MSI's Wind U160 comes like a breath of fresh air with its new and spiffy looks. Gone are the slightly chunky builds of the previous models, instead, we're graced with a netbook that looks pretty sassy and even reminiscent of something from Sony. But looks can only get you so far, so let's see how this netbook really is.
Where previous models of MSI's netbooks had a plastic finish, the new Wind U160 goes for a metallic looking exterior that we can't quite agree with. It looks pretty enough, but our fingers still tell us that we're handling plastic. That's right, despite a metallic finish, the notebook still uses plastic and feels like it. We can't get behind this design change, as it feels tacky.
On the other hand, MSI has done much to cut down on the bulk, and you'll find that this is a pretty slim netbook that we do admire. Now, we hope that this slimness doesn't result too much in a shorter battery life, as the older thicker models had pretty lengthy battery uptime, but that was also due to having a much larger capacity (and subsequently thicker) battery. We'll find out more later, but hopefully the slimness doesn't compromise what is MSI's best feature for its netbooks.
Besides going for slimness and a new exterior design, MSI has seen the interior undergo a similar renovation. Gone are the old style keyboards, instead, we find a new chiclet style keyboard that seems a little smaller in size. MSI also didn't take the opportunity to get a bigger right shift key, so it's not as ideal a keyboard as you may hope for. Moving downwards, the trackpad also remains similar, there isn't a scroll bar at the side to swipe for scrolling, so it doesn't feel as convenient as other trackpads.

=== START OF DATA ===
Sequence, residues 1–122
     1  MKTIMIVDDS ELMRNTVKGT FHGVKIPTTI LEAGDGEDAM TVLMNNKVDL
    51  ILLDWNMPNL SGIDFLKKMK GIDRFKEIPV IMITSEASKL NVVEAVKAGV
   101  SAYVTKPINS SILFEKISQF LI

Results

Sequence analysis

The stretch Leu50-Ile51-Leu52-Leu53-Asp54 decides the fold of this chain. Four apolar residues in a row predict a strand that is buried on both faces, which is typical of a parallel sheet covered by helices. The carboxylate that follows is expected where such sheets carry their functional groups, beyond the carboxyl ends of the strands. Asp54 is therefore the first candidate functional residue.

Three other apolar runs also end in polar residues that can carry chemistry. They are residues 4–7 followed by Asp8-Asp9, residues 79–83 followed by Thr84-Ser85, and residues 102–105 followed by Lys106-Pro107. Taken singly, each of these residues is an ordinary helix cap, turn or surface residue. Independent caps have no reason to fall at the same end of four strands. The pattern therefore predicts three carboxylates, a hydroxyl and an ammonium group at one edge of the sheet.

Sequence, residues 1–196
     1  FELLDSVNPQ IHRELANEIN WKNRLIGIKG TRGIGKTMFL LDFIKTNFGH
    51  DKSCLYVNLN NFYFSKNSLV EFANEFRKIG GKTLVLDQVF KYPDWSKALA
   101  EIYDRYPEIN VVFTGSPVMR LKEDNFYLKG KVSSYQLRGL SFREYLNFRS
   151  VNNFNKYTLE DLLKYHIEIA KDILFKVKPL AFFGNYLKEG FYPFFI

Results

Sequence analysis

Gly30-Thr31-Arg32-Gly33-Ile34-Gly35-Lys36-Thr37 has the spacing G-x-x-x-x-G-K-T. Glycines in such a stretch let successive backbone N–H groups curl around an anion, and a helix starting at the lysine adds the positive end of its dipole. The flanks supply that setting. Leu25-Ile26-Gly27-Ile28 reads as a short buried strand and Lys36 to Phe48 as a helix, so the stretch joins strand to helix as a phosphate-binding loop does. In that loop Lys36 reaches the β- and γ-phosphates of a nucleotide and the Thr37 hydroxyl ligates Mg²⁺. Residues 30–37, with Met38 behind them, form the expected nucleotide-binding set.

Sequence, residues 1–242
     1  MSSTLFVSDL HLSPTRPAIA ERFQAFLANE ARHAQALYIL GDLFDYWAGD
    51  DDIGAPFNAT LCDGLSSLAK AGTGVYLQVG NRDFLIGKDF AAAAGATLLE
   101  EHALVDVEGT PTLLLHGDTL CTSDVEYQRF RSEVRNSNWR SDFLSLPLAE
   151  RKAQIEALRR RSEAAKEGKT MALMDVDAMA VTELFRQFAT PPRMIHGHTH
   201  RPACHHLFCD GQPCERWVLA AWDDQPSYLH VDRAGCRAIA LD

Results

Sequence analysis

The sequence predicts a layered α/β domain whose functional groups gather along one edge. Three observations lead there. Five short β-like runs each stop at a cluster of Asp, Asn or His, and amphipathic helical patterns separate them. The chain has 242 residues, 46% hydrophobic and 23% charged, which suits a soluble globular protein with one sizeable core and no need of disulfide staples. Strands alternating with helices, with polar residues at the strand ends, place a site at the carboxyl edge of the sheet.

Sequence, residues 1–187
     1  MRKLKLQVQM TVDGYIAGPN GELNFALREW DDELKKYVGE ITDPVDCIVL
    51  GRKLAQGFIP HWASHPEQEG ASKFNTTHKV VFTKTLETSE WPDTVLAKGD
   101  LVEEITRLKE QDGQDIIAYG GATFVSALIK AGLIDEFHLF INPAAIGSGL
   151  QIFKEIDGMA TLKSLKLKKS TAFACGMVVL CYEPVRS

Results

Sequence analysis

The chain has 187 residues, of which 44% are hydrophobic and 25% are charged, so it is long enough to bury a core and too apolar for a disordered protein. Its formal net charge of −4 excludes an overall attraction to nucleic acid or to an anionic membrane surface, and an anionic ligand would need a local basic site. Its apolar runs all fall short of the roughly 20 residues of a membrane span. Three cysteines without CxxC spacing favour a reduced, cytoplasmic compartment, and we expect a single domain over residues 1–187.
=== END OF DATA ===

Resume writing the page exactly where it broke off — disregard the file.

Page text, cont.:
Now with the Wind U160 being a Intel Pineview netbook, we see the usual Intel Atom N450 processor as well as the standard 1GB RAM. With our usual benchmarks, the unit scored 1329 PCMarks on our PCMark Vantage test, which is pretty much the usual average score we get from netbooks. As usual, there are no magical surprises, you'll be getting a netbook that's pretty similar to all others in performance.
As for the battery life, the Wind U160 didn't disappoint, lasting a cool 6 hours and 49 minutes on our video looping test, which is set at 50% brightness and volume. Very impressive, given its slim build, and shows just how far netbooks have come. Overall, the MSI Wind U160 is a netbook that we wouldn't mind recommending to anyone, if they can look past the slightly tacky feel to its solid performing heart.